Magazine article Variety

Docmakers: Imposters No More

Magazine article Variety

Docmakers: Imposters No More

Article excerpt

Success has bred success for U.K. documentaries, with a new wave of filmmakers inspired to explore the form by previous breakout British hits.

Bart Layton, who made his feature debut with The Imposter," winning twice at the British Independent Film Awards, says Kevin Macdonald's "Touching the Void," which won the BAFTA for British film in 2004, opened his eyes to the potential for theatrical docs.

"It was as compelling, as gripping, as escapist as any thriller," Layton recalls.

When he was developing "The Imposter," which recounts the scarcely believable story of how a 23-year-old French-Algerian conman persuaded a Texan family that he was their missing 16-year-old son, Layton was determined to appeal to an audience that wouldn't normally watch a documentary in the cinema.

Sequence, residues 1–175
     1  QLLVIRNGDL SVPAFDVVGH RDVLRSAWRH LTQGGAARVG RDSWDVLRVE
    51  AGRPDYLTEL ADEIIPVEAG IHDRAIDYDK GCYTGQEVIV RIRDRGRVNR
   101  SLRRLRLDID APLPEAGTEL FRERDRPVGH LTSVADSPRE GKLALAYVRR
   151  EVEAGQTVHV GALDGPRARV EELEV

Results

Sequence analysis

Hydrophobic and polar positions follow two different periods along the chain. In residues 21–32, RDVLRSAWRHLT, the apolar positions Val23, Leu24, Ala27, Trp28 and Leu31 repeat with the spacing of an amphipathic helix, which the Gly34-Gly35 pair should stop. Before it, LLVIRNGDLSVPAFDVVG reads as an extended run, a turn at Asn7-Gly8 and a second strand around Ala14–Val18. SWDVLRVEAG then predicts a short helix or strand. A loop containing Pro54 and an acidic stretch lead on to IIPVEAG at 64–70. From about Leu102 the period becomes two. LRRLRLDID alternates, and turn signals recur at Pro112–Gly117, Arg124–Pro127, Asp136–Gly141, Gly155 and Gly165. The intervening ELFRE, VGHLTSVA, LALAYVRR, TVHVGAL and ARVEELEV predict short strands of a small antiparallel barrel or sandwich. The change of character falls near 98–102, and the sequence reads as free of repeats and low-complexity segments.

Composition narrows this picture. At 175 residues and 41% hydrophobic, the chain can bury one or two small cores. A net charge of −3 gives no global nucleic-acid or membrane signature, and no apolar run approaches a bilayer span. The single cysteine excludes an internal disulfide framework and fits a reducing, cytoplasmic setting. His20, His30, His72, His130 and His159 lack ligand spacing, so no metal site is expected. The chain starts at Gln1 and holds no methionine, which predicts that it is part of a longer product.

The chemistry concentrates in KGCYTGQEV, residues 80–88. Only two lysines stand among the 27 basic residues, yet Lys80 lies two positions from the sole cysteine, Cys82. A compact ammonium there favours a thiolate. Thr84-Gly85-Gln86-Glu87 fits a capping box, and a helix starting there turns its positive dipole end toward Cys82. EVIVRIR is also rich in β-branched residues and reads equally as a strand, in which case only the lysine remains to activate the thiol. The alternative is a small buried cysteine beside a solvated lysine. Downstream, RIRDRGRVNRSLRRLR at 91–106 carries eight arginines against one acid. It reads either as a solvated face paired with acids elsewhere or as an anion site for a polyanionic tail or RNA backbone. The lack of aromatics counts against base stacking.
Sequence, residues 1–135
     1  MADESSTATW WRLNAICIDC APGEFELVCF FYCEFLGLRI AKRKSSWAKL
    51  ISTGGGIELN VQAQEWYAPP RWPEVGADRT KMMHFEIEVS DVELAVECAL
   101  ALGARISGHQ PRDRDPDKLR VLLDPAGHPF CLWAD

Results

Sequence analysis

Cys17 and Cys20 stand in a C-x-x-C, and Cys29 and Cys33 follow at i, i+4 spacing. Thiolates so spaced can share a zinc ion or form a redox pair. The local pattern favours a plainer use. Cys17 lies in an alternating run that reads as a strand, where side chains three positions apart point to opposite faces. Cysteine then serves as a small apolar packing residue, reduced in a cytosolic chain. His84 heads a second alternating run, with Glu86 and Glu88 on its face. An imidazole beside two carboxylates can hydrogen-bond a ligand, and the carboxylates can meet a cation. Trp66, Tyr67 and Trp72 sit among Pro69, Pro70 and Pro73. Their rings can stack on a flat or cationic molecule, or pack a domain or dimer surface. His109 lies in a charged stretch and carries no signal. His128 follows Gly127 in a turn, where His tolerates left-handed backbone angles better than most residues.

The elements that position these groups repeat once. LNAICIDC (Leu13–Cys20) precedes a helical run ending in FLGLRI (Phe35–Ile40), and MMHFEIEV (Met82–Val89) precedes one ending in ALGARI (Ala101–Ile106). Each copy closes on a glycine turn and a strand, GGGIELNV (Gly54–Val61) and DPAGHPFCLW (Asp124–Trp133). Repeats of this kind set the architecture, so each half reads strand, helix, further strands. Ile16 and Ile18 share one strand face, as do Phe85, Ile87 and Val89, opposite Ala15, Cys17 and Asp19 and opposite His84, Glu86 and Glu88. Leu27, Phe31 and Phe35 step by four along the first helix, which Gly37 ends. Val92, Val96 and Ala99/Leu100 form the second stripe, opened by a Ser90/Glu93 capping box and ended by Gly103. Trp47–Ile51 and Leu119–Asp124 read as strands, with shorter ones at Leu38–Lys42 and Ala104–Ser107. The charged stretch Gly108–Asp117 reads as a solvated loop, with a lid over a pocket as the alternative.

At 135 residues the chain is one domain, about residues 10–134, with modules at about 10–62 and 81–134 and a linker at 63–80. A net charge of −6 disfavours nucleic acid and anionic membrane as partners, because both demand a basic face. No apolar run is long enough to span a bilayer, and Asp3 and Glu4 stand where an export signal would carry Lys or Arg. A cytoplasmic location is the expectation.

"Films like 'Senna' and 'Man on Wire,' and hopefully now 'The Imposter,' have opened more doors for documentaries," he says.

The snowballing success of such British films finally forced BAFTA to introduce a dedicated documentary category last year. After only having three nominees last year, when "Senna" took the prize, BAFTA is set to allow five this year, in recognition of the creative strength of the category.

"The Imposter" and "Searching for Sugar Man," both co-produced by Blighty's doc powerhouse Passion Pictures, are among this year's leading contenders after making the Oscar shortlist. Macdonald's "Marley" biopic is a pedigree entry, while other high-profile Brit docs include Julian Temple's "London: The Modern Babylon" and Stevan Riley's "Everything or Nothing: The Untold Story of 007. …

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